How to understand and evaluate investment strategies
Investing is similar to cooking, no two people go about it in exactly the same way, and great results can be had from very different techniques. The following information about investment strategies can be useful whether you’re interested in learning how to develop your own strategy or if you want to be able to communicate with your financial adviser more effectively.
Each investor spends a significant amount of research and time considering a client’s future capital needs, comfort with risk and individual goals in order to form a plan of attack that guides investment choices. This is known as an investment strategy. An investment strategy typically includes guidelines for asset allocation, assessing risk and determining when to buy and sell.
“Investment strategies can differ greatly from a rapid growth strategy where an investor focuses on capital appreciation to a safety strategy where the focus is on wealth protection,” according to Investopedia. “The most important part of an investment strategy is that it aligns with the individual’s goals and is closely followed by the investor.”
If you’re looking to form an investment strategy for making your own investments, Investopedia has put together the following four questions that you should answer:
Can you write down your strategy?
Writing down your strategy ensures that it is complete and that you fully understand what your goals are and the framework that you will follow to achieve them.
“Writing down your strategy gives you something to revert back to in times of chaos, which will help you avoid making emotional investment decisions,” according to David Allison from Investopedia. “It also gives you something to review and change if you notice flaws, or your investment objectives change.”
Does your strategy include a way to determine if an investment is over or undervalued by other investors?
Examine ways that you can determine if an investment seems to be over or undervalued by other investors. This may be special industry knowledge, or any other competitive advantage that sets you apart as an investor. Once you figure out your advantages, use them to choose investments that others may miss.
How will your strategy perform as the market changes, and when will it do poorly?
Looking ahead to determine when you think your investment strategy will do poorly can help you form action plans for those times. It can also prevent you from acting rashly and making bad decisions.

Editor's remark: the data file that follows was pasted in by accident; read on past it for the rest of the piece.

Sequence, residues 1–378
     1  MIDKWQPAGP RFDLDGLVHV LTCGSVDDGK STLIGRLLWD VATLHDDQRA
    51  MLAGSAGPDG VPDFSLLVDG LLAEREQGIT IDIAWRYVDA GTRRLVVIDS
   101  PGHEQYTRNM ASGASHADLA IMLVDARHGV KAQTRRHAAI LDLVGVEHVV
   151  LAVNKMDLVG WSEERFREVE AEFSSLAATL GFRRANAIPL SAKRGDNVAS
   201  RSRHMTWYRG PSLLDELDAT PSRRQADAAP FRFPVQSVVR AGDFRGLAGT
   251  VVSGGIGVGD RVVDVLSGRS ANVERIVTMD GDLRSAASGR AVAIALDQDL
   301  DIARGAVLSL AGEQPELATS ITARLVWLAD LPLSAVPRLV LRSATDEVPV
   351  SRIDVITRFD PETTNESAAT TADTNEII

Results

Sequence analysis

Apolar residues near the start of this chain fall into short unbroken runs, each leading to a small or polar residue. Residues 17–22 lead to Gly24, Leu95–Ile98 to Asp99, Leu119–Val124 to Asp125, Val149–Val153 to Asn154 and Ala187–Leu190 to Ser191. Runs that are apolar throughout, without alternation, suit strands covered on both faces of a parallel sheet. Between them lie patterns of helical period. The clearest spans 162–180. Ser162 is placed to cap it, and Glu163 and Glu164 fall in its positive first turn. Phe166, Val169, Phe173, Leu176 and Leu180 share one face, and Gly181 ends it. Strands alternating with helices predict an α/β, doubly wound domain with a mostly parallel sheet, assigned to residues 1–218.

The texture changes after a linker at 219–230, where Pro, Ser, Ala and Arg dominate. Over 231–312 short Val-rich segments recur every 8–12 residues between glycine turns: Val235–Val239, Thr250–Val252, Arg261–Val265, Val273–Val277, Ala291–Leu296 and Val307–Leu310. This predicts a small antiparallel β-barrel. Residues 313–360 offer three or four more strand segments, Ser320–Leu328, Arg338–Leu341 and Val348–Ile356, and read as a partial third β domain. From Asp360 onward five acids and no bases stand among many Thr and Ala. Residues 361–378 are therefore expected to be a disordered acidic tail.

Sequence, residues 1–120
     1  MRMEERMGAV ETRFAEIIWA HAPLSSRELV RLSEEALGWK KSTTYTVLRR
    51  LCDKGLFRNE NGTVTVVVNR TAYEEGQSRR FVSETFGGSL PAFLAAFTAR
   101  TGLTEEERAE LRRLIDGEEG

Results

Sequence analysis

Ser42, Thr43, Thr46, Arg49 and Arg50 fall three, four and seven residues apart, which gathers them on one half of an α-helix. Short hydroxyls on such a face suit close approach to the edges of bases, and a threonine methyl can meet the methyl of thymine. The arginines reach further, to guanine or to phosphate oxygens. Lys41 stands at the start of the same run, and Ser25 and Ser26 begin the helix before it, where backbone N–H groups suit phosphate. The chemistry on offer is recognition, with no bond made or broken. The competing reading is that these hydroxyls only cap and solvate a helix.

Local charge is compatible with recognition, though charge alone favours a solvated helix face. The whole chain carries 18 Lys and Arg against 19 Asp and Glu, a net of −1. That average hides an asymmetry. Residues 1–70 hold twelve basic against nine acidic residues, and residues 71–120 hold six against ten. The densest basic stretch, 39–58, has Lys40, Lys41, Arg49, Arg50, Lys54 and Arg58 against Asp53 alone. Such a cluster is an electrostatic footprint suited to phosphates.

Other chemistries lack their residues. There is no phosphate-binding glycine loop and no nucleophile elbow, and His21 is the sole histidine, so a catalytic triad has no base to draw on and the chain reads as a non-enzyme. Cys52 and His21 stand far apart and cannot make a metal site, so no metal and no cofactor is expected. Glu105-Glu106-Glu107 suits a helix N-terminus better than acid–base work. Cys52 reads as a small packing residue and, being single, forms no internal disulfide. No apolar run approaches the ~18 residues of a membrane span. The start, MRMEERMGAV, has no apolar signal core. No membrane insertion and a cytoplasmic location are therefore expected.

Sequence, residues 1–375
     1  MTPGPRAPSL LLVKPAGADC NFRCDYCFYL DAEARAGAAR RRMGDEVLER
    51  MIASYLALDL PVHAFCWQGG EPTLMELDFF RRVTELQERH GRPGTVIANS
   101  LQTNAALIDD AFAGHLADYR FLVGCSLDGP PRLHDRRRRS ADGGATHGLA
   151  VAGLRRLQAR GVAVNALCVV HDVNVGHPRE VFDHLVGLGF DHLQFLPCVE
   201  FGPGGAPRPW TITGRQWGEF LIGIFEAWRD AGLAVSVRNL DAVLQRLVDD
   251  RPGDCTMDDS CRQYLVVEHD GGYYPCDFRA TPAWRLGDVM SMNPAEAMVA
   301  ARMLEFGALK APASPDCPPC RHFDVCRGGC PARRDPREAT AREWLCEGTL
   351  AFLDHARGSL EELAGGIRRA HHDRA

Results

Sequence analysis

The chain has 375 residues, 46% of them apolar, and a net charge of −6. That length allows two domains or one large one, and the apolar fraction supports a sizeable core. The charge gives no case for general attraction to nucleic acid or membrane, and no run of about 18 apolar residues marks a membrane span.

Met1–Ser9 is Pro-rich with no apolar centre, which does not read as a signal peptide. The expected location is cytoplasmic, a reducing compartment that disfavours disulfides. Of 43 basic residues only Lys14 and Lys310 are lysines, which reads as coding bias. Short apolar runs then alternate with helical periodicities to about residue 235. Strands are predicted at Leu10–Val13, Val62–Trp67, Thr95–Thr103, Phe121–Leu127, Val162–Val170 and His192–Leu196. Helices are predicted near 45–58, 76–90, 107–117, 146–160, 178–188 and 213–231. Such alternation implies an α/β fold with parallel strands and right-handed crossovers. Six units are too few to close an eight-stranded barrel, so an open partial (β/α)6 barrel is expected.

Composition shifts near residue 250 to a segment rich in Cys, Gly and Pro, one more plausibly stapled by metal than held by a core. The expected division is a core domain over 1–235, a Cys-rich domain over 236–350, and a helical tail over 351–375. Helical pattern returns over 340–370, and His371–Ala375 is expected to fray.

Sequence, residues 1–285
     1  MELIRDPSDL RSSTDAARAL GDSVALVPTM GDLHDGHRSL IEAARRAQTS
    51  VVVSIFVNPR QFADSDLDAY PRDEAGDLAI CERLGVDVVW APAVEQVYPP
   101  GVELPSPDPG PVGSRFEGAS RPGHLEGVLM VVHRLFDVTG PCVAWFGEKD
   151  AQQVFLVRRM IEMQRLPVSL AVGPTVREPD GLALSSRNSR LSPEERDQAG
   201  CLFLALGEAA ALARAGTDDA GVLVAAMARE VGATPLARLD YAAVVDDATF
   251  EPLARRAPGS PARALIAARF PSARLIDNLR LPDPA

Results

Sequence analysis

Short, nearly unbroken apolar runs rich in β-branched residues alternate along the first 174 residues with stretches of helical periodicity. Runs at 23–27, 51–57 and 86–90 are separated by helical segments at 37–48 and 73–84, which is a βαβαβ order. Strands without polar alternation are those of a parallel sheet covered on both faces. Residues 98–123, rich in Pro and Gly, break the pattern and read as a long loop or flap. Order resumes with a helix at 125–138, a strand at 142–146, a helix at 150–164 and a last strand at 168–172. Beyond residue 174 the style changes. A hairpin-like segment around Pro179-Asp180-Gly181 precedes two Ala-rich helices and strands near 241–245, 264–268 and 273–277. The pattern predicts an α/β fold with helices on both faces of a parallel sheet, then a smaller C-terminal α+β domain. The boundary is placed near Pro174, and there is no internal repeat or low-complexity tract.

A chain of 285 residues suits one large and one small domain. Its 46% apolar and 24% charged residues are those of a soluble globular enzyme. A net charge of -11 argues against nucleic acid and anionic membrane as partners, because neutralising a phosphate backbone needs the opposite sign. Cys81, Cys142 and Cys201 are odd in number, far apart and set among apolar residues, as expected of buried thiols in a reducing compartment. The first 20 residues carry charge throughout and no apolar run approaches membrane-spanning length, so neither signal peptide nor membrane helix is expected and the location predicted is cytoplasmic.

“As market trends and economic themes change, many great investment strategies will have periods of great performance followed by periods of lagging performance,” states David Allison. “Having a good understanding of your strategy’s weaknesses is crucial to maintaining your confidence and investing with conviction, even if your strategy is temporarily out of vogue.”
How will you measure the effectiveness of your strategy?
If you don’t have parameters in place for measuring the success of your strategy, you won’t be able to figure out when to make changes or determine what those changes should be.
Even if you aren’t forming your own strategy, it’s important to understand the strategy a fund manager uses. This will help you choose the best fund manager to meet your personal goals.
“The criteria that mutual fund managers use to select their assets vary widely according to the individual manager,” states Dan Weil from Bankrate. “So when choosing a fund, you should look closely at the manager’s investment style to make sure it fits your risk-reward profile.”
Top-down and bottom-up investing strategies are two of the most popular. Top-down involves picking assets that fit into an overarching theme of the market. An example would be buying stocks across the board based on the hypothesis that the market will improve greatly in the near future.
This strategy has the benefit of providing a big payout when the overall theme is correct because all investments were chosen to match that theme. On the other hand, there is no guarantee that the investor was right about the theme, and even if the theme was correct, the investor might have chosen the wrong investments to support it.
Instead of looking at the overall market and fitting investments into the general picture, bottom-up investors choose investments based on their individual performances and strengths. These investments are considered good or bad, regardless of the overall market.
“A bottom-up manager benefits from thorough research on an individual company, but a market plunge often pulls even the strongest investments down,” states Weil.
There are countless investment strategies, so be sure to talk to your financial institution about any questions you have. It’s the best resource for finding your perfect investment strategy. Please don’t hesitate to give us a call with any questions.
Used with Permission. Published by IMN Bank Adviser Includes copyrighted material of IMakeNews, Inc. and its suppliers.